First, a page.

This alliance of Rome and Antioch could have led perhaps – we don’t know – to a full victory of the Antiocheans over the Alexandrians. But this did not happen. And it did not happen because Rome had no direct theological interest. It had only a political interest – not political in the state sense, but in the Church-state sense. Rome was the great (center of the Church’s movement) and as such it did not want to surrender Christianity because of a theological formula.
One of the members of this school for (whom) we should have great (respect), is Nestorius. He preached in 429 against the theotokos doctrine, that Mary gave birth to God. Mary gave birth to a man, who became the organ of Divinity. Therefore not the Divinity but the humanity of Christ has suffered. Therefore one could even say, as he does, that Mary is Christotokos. But if this is the case, that Christ is Christotokos – and only indirectly, later, did he accept that Mary can become theotokos – this was not really meant; he really meant that here is God, the Logos, coming down; there is Mary giving birth to a man: and they are united. But it is not a divine being coming down and becoming; a man, in terms of a transmutation myth.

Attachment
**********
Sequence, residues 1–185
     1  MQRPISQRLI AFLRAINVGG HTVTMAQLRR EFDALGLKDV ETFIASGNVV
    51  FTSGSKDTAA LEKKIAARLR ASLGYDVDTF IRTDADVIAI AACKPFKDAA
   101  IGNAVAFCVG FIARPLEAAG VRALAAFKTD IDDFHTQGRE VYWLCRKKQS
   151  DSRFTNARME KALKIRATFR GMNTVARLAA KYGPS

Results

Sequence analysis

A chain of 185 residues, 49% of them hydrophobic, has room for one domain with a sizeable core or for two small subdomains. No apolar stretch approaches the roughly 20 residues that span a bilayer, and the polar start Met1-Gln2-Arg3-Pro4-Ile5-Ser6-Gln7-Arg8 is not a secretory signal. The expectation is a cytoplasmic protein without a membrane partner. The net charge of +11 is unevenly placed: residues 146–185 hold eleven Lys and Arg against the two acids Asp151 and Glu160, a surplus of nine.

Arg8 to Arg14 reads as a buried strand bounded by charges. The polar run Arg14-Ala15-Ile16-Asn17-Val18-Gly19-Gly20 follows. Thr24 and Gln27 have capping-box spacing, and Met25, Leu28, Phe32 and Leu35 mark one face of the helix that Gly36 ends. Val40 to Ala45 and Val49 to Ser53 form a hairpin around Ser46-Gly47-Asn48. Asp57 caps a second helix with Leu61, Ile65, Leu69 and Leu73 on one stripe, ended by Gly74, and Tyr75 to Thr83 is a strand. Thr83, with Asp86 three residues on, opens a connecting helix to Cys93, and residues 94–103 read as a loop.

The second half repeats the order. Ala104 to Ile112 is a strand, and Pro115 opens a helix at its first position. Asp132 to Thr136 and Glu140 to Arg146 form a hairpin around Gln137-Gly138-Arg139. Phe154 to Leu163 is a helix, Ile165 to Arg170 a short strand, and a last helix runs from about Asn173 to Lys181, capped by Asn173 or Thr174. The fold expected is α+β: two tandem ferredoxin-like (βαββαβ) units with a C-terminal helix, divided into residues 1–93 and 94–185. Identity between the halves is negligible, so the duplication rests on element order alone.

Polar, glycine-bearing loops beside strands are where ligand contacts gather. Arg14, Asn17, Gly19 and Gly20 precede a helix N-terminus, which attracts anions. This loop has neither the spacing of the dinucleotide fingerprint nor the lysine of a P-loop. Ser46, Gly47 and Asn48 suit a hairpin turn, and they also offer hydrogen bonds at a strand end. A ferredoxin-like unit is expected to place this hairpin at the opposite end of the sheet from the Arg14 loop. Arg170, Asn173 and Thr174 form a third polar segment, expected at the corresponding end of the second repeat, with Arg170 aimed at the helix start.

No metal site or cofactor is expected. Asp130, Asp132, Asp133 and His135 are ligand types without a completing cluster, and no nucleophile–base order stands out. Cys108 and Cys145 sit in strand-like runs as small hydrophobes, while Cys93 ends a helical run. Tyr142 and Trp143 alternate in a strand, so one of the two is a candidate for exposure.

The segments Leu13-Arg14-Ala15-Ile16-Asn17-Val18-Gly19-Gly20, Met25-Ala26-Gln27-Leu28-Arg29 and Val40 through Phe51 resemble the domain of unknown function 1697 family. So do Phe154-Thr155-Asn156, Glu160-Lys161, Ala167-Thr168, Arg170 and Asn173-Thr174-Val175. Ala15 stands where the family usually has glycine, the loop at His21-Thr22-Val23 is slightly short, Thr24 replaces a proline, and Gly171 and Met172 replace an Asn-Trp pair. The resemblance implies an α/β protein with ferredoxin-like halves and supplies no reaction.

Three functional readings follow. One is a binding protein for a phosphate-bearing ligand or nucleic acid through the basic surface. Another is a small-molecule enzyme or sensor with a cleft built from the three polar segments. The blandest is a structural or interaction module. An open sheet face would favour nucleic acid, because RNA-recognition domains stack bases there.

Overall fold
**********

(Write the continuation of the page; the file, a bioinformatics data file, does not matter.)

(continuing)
The two natures preserve their qualities in the personal union. They are connected in the humanity of Jesus, but He is not deified in it. The unmixed connection of the natures: that is what he teaches. He who terms Jesus or Christ the only begotten or the Son, he means the one person. The term “man” describes the one nature in Him; the term “God,” “Logos,” the other nature. But these ideas brought him into heresy. They were consistently in the Antiochean school, but with him the Antiochean school became suspect and finally rejected. . . . . Nestorius actually was a victim of the fight between Byzantium and Alexandria.